‘Imitation is the sincerest form of flattery.’ You only want to be like someone you admire and actually investing energy into trying to be like them speaks of the depth of admiration. Not surprisingly, therefore, ‘imitation’ is an aspect of Christian discipleship. When Jesus says ‘Follow me,’ this, for those first disciples, meant a summons to go with him wherever this itinerant, charismatic, wonder-worker went. Besides belonging to the group that accompanied Jesus on his journeys, it also meant ‘following his example’. Being a disciple was about developing Jesus’ gracious approach to other people and his willingness to challenge those in authority.
Those who have been notably good at imitating Jesus become known as ‘saints’ and because they are aiming to be like Jesus, they can, in turn, echo Jesus call to ‘follow me.’ Saint Paul in his first letter to the church at Corinth told the Christians there, ‘Be imitators of me, as I of Christ.’ At the Saturday Spectacular event on 1st July from 2 – 9 p.m. – you can, of course, come and go; you do not need to stay for the whole day – we are focussing on Saint Thomas. The theme is ‘in the footsteps of Saint Thomas’. Besides expressing this idea of following the example of this saint, there is also an allusion to the long missionary adventure of this great saint who many believe helped to establish the church in India. Andy Colebrooke, the former Rector of the Icknield Way parish, will be guiding our reflection on Saint Thomas. To underline the importance of learning from the saints and supremely from Jesus, there will be opportunity to do some learning – some copying – as we make bread, weave willow and work with clay under the guidance of some relative experts. The usual mix of fun, activities, good food, and worship are in the programme too, making it a very good event. The cost is £15 for an adult, and anyone under 18 is free. Booking forms can be found in St Mary’s Church, Saffron Walden or downloaded from the church’s website. I encourage you to come.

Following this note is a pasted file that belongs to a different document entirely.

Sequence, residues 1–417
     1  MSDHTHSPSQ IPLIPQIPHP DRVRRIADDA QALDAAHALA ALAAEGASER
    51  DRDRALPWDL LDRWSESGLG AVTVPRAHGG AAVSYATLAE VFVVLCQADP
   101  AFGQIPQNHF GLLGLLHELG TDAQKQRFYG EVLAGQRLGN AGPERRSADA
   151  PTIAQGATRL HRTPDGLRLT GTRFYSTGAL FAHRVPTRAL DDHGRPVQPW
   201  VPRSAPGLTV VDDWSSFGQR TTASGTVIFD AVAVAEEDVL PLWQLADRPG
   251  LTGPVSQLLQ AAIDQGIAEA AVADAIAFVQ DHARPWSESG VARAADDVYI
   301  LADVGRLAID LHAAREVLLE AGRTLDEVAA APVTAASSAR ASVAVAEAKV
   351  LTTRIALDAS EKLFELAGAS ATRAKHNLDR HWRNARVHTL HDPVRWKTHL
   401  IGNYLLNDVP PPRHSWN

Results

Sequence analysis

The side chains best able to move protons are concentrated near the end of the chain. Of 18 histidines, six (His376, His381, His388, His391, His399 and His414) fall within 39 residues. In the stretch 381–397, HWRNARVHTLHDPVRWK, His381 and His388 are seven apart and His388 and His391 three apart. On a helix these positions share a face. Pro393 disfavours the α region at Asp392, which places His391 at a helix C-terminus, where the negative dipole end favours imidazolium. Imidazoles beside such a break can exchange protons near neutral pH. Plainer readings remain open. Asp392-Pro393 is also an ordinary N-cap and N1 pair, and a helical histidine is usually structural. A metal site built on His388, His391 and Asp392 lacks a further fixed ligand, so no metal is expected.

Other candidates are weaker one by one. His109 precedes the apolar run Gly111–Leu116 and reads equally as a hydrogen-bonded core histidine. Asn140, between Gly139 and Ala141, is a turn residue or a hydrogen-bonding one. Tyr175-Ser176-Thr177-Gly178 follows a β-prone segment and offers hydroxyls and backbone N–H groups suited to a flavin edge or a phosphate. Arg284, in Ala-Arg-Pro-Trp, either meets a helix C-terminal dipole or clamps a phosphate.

Saint Thomas is best known for his unwillingness to believe that Jesus had been raised from the dead. That is why he is sometimes known as ‘doubting Thomas’, an epithet used commonly to refer to anyone who is sceptical. His movement from doubt to a robust faith, from ‘I will not believe’ to ‘My Lord and My God’, demonstrates that doubt can lead us to a deeper faith. When we struggle to trust God, there is an opportunity to engage vigorously with God, thereby discovering more about God’s faithfulness. Doubt and faith, therefore, should not be considered opposites. Rather doubt is the route to a stronger faith, providing that we seek God when we doubt as opposed to turning away.
In these anxious and uncertain times, we need, as a nation, to have faith in God, to turn to God. Trying to find our way out of what looks like a political maze looks problematic (I am writing on the day after the General Election). Allied to the failure of politics to give us a clear sense of direction, with the recent referendum proving a blunt instrument and this election, called to bring clarity, resulting in a confused picture, the nation is looking increasingly polarised. Our relationship with the wider world is in a state of flux too with negotiations on Brexit about to start and President Trump in the White House. As, like Thomas and all the saints, we turn to the Father of our Lord Jesus Christ, let this be our prayer.
Lead us from death to life,
from falsehood to truth;
lead us from despair to hope,
from fear to trust;
lead us from hate to love,
from war to peace.
Let peace fill our heart,
our world, our universe.